In The Know: Apo Island, the ultimate dive destination



Apo Island, located off the coast of Negros Oriental, covers approximately 70 hectares and hosts 106 ha of coral reef.

A renowned diving site, the island was established as a marine sanctuary in 1982. In 1994, the reserve became part of the Department of Environment and Natural Resources’ protected landscape and seascape.

Home to 650 documented fish species and 400 kinds of corals, Apo Island was included in a 2008 list of the world’s “ultimate dive destinations” compiled by the UK-based Sport Diver magazine.

The official publication of the Professional Association of Diving Instructors described the island as replete with a continuous chain of underwater life with hard and soft corals attracting reef fish like snappers, surgeonfish, damselfish, parrotfish, anemone fish and wrasse, which in turn invite large species like barracuda, tuna, white tip and blacktip, turtles and manta rays.

Falling under the municipality of Dauin, Apo Island has 918 residents based on the 2010 Census. Inquirer Research

Sources: Inquirer Archives, Coral Reef Alliance, NSCB, NSO

Get Inquirer updates while on the go, add us on these apps:

Inquirer Viber

Disclaimer: The comments uploaded on this site do not necessarily represent or reflect the views of management and owner of We reserve the right to exclude comments that we deem to be inconsistent with our editorial standards.

  • AFPako

    May kantil itong lugar kaya mag ingat talaga. ANg lakas ng underwater current.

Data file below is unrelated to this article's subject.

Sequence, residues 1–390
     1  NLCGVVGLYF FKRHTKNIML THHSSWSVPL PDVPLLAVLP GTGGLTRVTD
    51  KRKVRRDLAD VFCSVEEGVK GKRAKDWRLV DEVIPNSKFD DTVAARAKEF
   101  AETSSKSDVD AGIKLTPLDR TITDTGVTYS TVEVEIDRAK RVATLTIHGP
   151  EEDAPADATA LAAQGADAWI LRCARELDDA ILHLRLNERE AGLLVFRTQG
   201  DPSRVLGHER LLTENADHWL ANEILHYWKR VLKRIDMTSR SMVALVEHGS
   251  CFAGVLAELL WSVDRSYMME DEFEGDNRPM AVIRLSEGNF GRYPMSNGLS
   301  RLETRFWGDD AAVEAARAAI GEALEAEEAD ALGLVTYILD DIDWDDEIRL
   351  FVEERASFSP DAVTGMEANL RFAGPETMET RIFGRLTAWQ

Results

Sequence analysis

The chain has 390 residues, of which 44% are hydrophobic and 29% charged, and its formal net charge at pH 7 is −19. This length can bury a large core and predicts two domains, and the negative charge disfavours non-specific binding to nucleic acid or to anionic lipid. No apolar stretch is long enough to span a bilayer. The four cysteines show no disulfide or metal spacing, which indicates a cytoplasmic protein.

• dequis

    credit to silliman university marine biology for many years in the 80s no taking of marine life in the island was allowed.

  • Tausog51

    I salute the Siliman University ,r. Angel Alcala , and the people of Apo Island as well as the local public officials of that municipality for for their painstaking efforts to protect , preserve, and conserve the marine resources of that island. I wish people in the DENR and in the BFAR could emulate these spirits and determinations.

  • Alexander Aamproz

    When you see the Barangay Mansion by the pier, you will know at once, it’s a Racket Island. The pamboat transportation monopoly is more than hazardous by strong wind, with abusive fares rates. The day before in Siquijor i was victimize by a resort and dive shop, as I already did more than 400 dives in the Philippines, U turn to enjoy Dumagete city.

  • SumJuan

    Nice, nice, nice but have we all looked at the pockets of all those foreign diving centers? Most of them are present in every watersport or diving exhibits/shows around the world booking customers for their next divingtours. Have you considered how much these divers pay in those foreign countries? Ang mahal! Question: at magkano ang binabayad sa philippine base para magfit sa “phil. tax obligation” nila. Ang baba…Are they also active in the development of those provinces where those beautiful dive sites are located?  Fat pockets!Malay nyo pa may state support pa yang mga yan kasi malamang registered as unemployed sila sa homeland nila. Ay ay ay gatasan nlang parate ang pinas. Kahit kelan, kawawa nlang tayo parate.

    • CmdrAdobo

      I agree, gatasan lang. this is what im saying in other thread. too much tourists/foreigners can increase the prices and the locals cannot afford.

    • Guest

      I agree, gatasan lang. this is what im saying in other thread. too much tourists/foreigners can increase the prices and the locals cannot afford.





To subscribe to the Philippine Daily Inquirer newspaper in the Philippines, call +63 2 896-6000 for Metro Manila and Metro Cebu or email your subscription request here.

Factual errors? Contact the Philippine Daily Inquirer's day desk. Believe this article violates journalistic ethics? Contact the Inquirer's Reader's Advocate. Or write The Readers' Advocate:

c/o Philippine Daily Inquirer Chino Roces Avenue corner Yague and Mascardo Streets, Makati City,Metro Manila, Philippines Or fax nos. +63 2 8974793 to 94